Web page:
The Minister is grateful
As regular readers will know I have been in correspondence with Ministers responsible for public services; recently, in particular, housing benefits processing. My last letter from the Minister tells me he ‘is grateful’ for the work I am doing in the public sector. I don’t want his gratitude; I want his understanding. It is an incredible thing; you write repeatedly and with detailed arguments to say that something they are doing is driving up costs and worsening service and never in any of their replies do they deal with the substantive matter. I’m not giving up.

And for starters…

If you want to read what is happening with Housing Benefits, go to: The article is a transcript from the show (“Freedom from Command and Control”), it shows what people learned when they took a systems view of Housing Benefits processing. In short, they learned two things: how to re-design the service to make it far better for claimants AND reduce costs; and just how misguided the Minister’s guidance is.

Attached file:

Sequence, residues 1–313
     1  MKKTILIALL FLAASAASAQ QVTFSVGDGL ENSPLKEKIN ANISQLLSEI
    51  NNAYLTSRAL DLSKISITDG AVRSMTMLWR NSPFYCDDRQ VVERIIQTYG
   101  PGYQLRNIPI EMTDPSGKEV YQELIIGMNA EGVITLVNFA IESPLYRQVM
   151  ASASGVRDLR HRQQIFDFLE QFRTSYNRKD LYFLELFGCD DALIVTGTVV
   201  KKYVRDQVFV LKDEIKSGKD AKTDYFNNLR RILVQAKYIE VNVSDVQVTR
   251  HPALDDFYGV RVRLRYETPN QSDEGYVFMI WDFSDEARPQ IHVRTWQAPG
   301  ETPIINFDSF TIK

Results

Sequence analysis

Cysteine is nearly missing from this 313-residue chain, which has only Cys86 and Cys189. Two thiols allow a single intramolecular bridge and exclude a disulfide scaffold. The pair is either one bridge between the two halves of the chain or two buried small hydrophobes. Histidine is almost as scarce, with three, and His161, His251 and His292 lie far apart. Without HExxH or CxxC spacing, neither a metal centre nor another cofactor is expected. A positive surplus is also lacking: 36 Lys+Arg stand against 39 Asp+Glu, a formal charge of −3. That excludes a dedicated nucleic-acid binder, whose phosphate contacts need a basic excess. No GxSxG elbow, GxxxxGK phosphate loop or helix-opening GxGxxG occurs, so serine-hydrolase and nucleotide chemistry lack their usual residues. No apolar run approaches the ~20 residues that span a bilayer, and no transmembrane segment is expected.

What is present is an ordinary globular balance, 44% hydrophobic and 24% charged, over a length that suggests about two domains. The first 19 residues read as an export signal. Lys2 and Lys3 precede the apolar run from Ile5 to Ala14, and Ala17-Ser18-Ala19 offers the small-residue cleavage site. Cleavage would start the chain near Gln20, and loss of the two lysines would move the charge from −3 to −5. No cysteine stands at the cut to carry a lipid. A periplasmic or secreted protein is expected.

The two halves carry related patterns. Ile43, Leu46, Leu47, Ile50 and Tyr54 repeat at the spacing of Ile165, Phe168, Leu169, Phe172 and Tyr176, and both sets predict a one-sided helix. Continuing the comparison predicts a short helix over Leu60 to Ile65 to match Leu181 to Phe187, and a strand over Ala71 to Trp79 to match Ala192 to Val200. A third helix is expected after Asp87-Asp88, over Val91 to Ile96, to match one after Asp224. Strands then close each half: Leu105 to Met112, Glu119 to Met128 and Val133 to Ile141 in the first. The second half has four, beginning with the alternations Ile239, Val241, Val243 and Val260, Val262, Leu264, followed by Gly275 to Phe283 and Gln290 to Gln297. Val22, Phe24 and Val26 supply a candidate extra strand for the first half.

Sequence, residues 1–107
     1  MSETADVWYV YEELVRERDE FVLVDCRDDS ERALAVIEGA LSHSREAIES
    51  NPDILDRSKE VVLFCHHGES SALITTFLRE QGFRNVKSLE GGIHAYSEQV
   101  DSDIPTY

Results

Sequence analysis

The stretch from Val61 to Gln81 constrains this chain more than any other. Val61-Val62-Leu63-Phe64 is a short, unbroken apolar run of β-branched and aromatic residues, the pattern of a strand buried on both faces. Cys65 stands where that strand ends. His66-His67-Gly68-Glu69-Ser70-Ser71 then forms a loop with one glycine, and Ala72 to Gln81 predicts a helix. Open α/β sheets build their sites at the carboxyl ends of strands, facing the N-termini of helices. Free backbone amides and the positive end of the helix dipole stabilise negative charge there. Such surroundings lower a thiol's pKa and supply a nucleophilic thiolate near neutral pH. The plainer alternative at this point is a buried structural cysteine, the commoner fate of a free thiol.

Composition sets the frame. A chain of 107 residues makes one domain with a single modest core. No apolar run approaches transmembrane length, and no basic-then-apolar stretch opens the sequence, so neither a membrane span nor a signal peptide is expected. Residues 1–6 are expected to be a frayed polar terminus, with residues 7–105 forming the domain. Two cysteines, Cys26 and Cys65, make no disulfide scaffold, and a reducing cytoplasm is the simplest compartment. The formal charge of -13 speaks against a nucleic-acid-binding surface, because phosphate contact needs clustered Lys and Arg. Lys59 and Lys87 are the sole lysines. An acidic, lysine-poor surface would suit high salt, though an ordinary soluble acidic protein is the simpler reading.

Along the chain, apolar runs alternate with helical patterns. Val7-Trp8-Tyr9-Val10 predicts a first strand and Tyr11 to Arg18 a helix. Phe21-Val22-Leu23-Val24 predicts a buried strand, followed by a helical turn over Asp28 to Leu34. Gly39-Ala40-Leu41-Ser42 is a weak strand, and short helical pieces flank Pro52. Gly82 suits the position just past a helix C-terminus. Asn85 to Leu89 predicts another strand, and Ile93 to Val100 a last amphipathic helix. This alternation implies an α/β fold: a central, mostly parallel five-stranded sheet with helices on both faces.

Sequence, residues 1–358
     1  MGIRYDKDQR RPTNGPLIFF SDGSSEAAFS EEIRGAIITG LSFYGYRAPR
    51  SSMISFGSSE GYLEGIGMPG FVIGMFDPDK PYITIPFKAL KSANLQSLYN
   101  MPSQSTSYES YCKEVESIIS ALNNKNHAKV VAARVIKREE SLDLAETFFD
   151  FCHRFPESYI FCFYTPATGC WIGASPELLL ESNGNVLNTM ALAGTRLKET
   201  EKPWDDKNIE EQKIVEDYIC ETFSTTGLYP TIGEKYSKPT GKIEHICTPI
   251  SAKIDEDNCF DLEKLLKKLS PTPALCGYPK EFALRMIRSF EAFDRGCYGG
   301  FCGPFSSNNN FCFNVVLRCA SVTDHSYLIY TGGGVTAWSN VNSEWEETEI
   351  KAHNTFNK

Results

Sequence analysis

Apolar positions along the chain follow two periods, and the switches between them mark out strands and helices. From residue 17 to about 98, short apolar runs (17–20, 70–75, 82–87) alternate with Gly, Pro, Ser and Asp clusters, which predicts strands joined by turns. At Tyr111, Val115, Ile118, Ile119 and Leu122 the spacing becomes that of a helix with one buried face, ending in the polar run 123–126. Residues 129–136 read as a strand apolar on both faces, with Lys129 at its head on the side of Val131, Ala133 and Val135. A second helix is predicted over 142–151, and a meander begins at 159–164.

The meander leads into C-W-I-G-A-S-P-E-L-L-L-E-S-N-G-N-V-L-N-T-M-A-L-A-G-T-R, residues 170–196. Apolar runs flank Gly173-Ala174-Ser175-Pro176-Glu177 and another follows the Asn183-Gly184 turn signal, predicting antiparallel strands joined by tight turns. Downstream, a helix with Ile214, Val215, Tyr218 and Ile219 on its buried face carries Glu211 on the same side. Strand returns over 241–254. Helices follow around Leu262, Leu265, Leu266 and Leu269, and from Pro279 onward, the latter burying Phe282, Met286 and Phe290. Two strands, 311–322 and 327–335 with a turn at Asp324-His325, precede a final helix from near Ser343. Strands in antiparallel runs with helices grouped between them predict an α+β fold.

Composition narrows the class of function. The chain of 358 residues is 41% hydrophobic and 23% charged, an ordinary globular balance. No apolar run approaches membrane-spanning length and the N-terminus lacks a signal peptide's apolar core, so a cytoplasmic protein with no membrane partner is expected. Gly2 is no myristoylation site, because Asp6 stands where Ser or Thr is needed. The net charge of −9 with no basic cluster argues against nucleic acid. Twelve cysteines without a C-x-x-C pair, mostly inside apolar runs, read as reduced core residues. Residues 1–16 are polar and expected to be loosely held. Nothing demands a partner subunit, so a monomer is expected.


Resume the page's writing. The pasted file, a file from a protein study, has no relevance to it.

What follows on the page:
Scotland is being Blitzed

Kaizen Blitz has become popular in Scottish public services, egged on by Ministers who are persuaded that if these ideas worked for manufacturers they’ll be powerful for public service organisations too. It is a tool head prescription. It appeals to command and control thinkers. If only they knew. Stuart Corrigan of Vanguard Scotland has written a short lament, you can read it at: